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COLLINS: Some more information to share with you this morning in case you may have missed it over night. There has been another levee breach in all of this Midwest flooding that we've been telling you about for days now, specifically about 50 miles north of St. Louis just to put you geographically where this has happened.

So we want to get the very latest from that area to find out what's going on with everyone who lives or perhaps used to live there.

Andy Binder is with Lincoln County, Missouri emergency operations and he joins us by phone now.

Andy, could you tell us a little bit about the evacuations? I guess more people are obviously having to leave their home. COL. ANDY BINDER, LINCOLN CO., MO. EMERG. OPERATIONS CMD.: Good morning, Heidi. That's correct. We are just currently asking for voluntary evacuations. There isn't any mandatory evacuation right now as we speak.

The majority of the homes are behind a secondary levee that we are currently bolstering and fortifying using the Army National Guard and Air National Guard in Missouri. So we're still asking for voluntary evacuations in this area.

As of last night we had about 150-foot wide breach in a levee just east of Winfield. This morning, looking at the area photography, it looks like that breach has widened to about 300 feet.

COLLINS: Goodness. So it's doubled in size?

BINDER: It's doubled in size. And water is just filling into the county right now.

From what I've seen, from our aerial photographs, that water is slowly approaching our secondary levees. So today is going to be critical that we bolster them and fortify them and keep the water out from our cities.

COLLINS: Yes, absolutely. Is that even a possibility?

BINDER: Yes. It's a possibility. It did in 1993. The difference between 1993 and now is that, you know, we have been working on this levee for four days now. So our engineering spec show that if we do it right, it will hold the water.

COLLINS: Wow. OK. You say if we do it right. What exactly does that mean? Can you elaborate a little bit?

BINDER: Well, you're talking about numbers. So I mean, numbers lie sometimes. And according to our numbers, if we build our wall to specs, we can hold back the water. But I mean, there's no telling, I mean, we're talking about Mother Nature here...


BINDER: ... and she's very powerful.

COLLINS: Yes, boy, we have certainly seen evidence of that. And we're looking at the area right now exactly where the breach occurred and your description is perfect. It is just pouring, rushing into the town. 35,000 acres have already flooded. And we're looking at potentially much more than that.

BINDER: Well, I wanted to also to point out that those 35,000 acres is the impacted area for water over topping the levees, not a breach.


BINDER: So the numbers from the Army Corps of Engineers haven't come out yet for the breach. But I would say that the acreage total would probably be around 50,000 acres impacted due to the breach that we're seeing now.

There's a second breach to the north and, of course, those numbers will probably double.

COLLINS: Even higher. Boy, it's certainly not what we want to see, but what we appreciate your perspective, obviously, as someone who is there and handling these emergency operations.

Andy Binder, thanks so much and best of luck to you.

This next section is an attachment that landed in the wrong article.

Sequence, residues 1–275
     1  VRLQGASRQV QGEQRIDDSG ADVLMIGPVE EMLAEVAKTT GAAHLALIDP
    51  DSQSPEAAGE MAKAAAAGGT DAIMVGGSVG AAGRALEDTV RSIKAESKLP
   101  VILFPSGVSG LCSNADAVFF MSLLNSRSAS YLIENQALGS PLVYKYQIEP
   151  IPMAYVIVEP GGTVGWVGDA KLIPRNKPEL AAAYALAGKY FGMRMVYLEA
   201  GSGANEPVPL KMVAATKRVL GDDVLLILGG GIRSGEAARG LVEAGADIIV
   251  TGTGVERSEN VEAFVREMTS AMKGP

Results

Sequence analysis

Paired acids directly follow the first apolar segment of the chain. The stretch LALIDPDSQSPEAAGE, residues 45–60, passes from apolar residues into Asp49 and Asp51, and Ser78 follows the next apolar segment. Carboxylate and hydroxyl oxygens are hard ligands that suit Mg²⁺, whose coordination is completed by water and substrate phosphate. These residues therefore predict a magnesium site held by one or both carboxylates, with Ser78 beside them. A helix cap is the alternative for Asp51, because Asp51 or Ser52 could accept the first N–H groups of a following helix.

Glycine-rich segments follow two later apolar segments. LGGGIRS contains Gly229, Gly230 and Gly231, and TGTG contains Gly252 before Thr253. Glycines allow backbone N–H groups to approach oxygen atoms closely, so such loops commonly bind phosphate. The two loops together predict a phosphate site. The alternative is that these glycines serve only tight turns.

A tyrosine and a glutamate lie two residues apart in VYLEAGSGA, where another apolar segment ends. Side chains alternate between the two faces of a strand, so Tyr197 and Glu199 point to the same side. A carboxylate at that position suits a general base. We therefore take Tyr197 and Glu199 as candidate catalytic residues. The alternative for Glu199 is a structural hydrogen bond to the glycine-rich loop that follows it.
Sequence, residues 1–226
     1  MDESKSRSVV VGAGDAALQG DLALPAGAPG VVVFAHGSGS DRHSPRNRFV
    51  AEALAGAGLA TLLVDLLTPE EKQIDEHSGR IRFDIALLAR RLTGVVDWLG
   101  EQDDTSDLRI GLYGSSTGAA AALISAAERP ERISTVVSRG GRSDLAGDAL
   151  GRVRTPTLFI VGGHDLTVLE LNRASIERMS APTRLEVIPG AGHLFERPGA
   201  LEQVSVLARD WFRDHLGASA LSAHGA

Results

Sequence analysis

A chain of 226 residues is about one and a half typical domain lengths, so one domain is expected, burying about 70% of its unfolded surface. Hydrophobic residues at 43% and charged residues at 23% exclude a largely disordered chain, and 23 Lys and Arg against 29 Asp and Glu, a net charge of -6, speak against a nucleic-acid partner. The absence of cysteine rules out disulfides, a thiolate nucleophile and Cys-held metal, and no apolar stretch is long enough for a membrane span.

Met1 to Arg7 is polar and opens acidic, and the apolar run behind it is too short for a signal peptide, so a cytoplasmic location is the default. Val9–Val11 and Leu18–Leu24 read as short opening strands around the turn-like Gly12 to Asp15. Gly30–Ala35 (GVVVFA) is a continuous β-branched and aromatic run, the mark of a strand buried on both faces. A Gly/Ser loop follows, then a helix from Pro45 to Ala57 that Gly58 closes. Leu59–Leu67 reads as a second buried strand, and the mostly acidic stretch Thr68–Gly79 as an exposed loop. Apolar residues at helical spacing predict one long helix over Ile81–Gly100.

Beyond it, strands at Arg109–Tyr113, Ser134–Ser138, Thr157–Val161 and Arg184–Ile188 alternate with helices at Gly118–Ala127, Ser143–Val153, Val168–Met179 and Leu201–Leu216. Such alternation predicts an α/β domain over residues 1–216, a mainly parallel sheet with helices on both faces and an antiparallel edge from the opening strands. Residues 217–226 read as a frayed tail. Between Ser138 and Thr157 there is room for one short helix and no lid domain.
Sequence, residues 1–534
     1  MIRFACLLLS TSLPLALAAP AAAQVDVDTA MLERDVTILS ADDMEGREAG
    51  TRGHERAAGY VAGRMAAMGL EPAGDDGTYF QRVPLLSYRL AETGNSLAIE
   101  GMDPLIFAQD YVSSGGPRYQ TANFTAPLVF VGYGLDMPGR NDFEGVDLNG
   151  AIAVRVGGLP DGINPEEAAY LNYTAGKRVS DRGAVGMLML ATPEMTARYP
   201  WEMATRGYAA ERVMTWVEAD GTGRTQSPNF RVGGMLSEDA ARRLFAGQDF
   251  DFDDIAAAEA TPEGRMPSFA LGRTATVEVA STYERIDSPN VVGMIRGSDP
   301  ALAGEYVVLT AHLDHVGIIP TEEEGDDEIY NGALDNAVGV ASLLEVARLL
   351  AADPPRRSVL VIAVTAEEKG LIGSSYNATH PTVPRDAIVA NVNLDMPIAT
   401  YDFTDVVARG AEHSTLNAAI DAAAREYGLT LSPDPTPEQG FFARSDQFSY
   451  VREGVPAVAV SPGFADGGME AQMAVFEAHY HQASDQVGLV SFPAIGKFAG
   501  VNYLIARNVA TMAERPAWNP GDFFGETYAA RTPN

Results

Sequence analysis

BINDER: Thank you, Heidi. You guys have a great day.

COLLINS: Thanks.

HARRIS: Tiger Woods's bum knee. Dr. Sanjay Gupta takes a look at the surgery next in the NEWSROOM.


HARRIS: Pretty dramatic pictures now as we take you to San Francisco. You're looking at firefighters doing the best they can to get control of a warehouse fire in an industrial area of San Francisco

This building that is burning houses a cabinet company on Apparel Way. I'm not familiar with the Apparel Way, but you may be. This is near the intersection of Interstate 280 and Highway 101.

The fires you can still see burning here, a lot of smoke surrounding it right now. This is a better view of it actually. We understand that firefighters had to actually back away from this for a while because of an explosion.

No reports of injuries at this time, but we are going to keep an eye on this -- this can be tricky -- and get you an update on the situation in San Francisco.

Tiger Woods, done for the season sidelined by knee surgery after a dramatic and painful win at the U.S. Open this week.

Woods announced he will undergo an operation to repair a ruptured anterior cruciate ligament in his left knee. It's pretty common. There are about 200,000 ACL surgeries each year usually in people between the ages of 16 and 30. About 100,000 reconstructions are performed annually.

CNN's chief medical correspondent Dr. Sanjay Gupta is here to explain.

Sanjay, common procedure.


HARRIS: I absolutely am one of the 200,000. I had it about six, seven years ago because of basketball.

GUPTA: Right. HARRIS: Why I'm still playing at this advanced age is beyond me, but that's a topic for another segment. If you would, describe this procedure. Pretty common.

GUPTA: Yes, it's a common procedure, although it's uncommon in golfers, as you may know.

HARRIS: Absolutely. Yes, good point.

GUPTA: In fact, you mentioned basketball. Basketball, football, skiers.


GUPTA: I mean you have these injuries where the foot often gets planted.

HARRIS: That's it.

GUPTA: The knee up here twisting in some sort of fashion that, you know, causes a tear of this anterior cruciate ligament. He actually had this tear a year ago, as you know, Tony, so he has been playing with this for sometime.